Ten Years



I sat down at my desk in my spare bedroom and logged into my Windows XP home-built computer. Two seventy pound Sony Trinitron 21” CRT monitors stared back at me on my $10 folding table, and I pulled up my new Gmail account to see what my first project would be. On the floor, my new 7 month old boy was laying on a blanket and smiling up at me.

It was exactly ten years ago -- August 1, 2005, my first official day working for myself -- and my uncle Ed was my first customer.

The Architectural Designer: 2005 - 2006

My first project was a new home design, with 3D renderings. I had been practicing with Chief Architect 10 for a couple months, so I knew the basics. And of course my previous job had involved CAD work for New Tradition Homes, a regional home builder in the area.

My invoice (to Ed) for the whole month of August, 2005, was for $1,113.70. After getting a nice paycheck for three years from New Tradition, this was a big wakeup call. It was up to me to make things happen now.

But 3D home design was a lot of fun. In 2005, home building was a mad dash, and everyone was throwing money around for anything house-related. As some of the first home designers to do 3D renderings in our area, Ed and I were inundated with work. We kept raising our prices and kept getting projects. Ludicrous 8,000 square foot concepts crossed our desks, and everybody had wild dreams and lots of credit.

I even got a chance to design a huge Lake Oswego remodel for then-GM of the Portland Trail Blazers, Kevin Pritchard. I was an avid Blazer fan, so Chyra and I got skybox tickets every couple weeks.

The Web “Designer”: 2006 - 2007

Home design paid the bills (after the first few shaky months) and I enjoyed it, but I’d always been fascinated by programming. I’d spent way too much time building games in QBasic on my parents’ computers in middle school and high school, and the idea of getting paid to code sounded pretty good to me.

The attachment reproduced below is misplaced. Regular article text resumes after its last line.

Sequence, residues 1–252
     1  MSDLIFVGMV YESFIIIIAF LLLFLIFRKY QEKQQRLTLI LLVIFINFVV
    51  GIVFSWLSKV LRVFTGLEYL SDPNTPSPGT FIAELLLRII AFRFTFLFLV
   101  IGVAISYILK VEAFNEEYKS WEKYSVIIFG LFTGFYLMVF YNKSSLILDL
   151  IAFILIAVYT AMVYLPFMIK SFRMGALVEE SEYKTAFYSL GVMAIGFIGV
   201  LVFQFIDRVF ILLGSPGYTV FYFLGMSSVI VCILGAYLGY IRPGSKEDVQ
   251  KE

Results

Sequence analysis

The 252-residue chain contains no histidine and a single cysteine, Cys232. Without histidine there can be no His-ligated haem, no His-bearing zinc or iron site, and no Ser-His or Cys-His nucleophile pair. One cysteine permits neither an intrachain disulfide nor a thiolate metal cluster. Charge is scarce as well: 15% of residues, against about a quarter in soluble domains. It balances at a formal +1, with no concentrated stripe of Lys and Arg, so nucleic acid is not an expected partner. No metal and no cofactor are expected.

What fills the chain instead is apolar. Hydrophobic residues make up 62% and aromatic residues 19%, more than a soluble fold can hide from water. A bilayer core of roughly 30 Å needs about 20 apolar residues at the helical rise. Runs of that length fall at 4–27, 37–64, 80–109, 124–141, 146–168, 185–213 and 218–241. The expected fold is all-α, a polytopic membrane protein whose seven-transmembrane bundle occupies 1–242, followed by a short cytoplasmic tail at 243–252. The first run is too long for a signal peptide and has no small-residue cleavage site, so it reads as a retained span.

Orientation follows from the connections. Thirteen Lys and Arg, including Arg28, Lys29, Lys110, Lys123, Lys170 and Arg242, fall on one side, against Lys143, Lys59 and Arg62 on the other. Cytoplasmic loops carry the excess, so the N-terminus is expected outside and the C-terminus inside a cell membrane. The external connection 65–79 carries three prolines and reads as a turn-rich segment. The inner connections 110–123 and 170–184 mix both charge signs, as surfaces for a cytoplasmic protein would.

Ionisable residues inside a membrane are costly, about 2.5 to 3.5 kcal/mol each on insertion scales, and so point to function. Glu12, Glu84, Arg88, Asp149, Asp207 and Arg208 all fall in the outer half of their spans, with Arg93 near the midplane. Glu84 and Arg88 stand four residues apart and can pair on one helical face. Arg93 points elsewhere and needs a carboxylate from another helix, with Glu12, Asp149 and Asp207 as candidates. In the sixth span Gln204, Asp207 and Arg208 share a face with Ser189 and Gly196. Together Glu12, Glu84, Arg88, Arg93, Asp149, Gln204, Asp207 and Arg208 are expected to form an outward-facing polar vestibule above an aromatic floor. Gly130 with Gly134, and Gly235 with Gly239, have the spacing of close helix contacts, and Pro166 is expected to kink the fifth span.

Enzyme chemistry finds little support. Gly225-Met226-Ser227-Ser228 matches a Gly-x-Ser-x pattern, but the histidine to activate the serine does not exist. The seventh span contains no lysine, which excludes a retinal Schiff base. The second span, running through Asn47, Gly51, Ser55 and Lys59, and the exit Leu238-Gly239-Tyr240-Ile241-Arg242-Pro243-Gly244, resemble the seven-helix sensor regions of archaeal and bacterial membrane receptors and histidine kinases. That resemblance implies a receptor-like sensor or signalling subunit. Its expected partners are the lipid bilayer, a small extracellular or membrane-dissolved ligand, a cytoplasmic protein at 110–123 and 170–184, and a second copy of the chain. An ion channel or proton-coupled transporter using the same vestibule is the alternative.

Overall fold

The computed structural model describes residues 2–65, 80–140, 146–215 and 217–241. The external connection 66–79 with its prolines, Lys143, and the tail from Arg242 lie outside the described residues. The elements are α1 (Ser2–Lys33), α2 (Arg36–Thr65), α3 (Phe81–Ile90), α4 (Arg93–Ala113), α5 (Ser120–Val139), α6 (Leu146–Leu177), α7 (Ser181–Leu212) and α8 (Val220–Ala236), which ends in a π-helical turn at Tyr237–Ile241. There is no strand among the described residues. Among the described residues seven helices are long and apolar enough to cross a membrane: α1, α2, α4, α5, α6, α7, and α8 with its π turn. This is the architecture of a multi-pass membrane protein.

Armed with a copy of Dreamweaver MX 2004, a book on PHP 5 and MySQL, and another one on JavaScript, I started marketing my web design services to local business owners that I knew. With a low rate of $45/hour, it was still surprisingly hard to convince people they should use me. But I slowly built my clientele list, one $1500 website after another.

My first websites were so, so awful. It wasn’t really the code; they were simple websites, and I’d always been a clean coder. But I also did the design (using Paint Shop Pro 9). Luckily, expectations were low.

The Recession Survivor: 2007 - 2009

I was feeling pretty good. My income wasn’t great, but I was paying the bills. And if I could just string together a few good months in a row, I’d be doing a lot more than that.

Then, in April of 2007, the home design work just cut off. Ed barely had enough design work for himself, much less any to send to me. I sat staring at an empty inbox for a couple days, then made the decision. Time to go out and sell.

I learned a lot about sales doing cold calling. It sucked, for one thing. I was able to keep things running, though, through sheer force of will, and by the beginning of 2009 I decided that things were going well enough to get an office and maybe an employee or two.

The Workaholic: 2009 - 2011

I rented a spare office from New Tradition in their nice new building, and hired a few inexperienced employees. I also built a PHP framework called phpGenesis that allowed us to build websites very quickly. My clientele grew by word of mouth and SEO efforts and I started taking on more complex projects, including a sales CRM and a manufacturing system for a local cabinet shop. I also built my own invoicing, time tracking, and project management system, and landed a few larger sales. We were up to about 7 employees.

We were making good money, finally. But I was putting in way too much time in the office. My wife had two small children at home and I was working 9 AM to nearly midnight every day.

It was a rough time for both of us. And by mid-2011, I was tired of it.

The Rails Developer: 2011

I started hiring more people and delegating more, and getting to go home a bit earlier. One of my hires was Daniel Berkompas, a young but talented developer who was also going to law school. Daniel kept telling me that we should be using Macs and doing Ruby on Rails. I had dabbled with Rails, but my PHP framework was just so easy to learn and fast to build websites in.

But we weren’t just building websites. We had web applications to code, and the framework just wasn’t designed to handle those. After a few bad experiences building large code bases in phpGenesis, I decided to try our next website in Rails. Daniel led the project and it was a resounding success.

I resolved to use Ruby on Rails as often as we could from then on. I even bought a MacBook Pro, and loved it. Some of my longer-term employees weren’t happy with this decision, but over time Rails (and Macs) won them over too.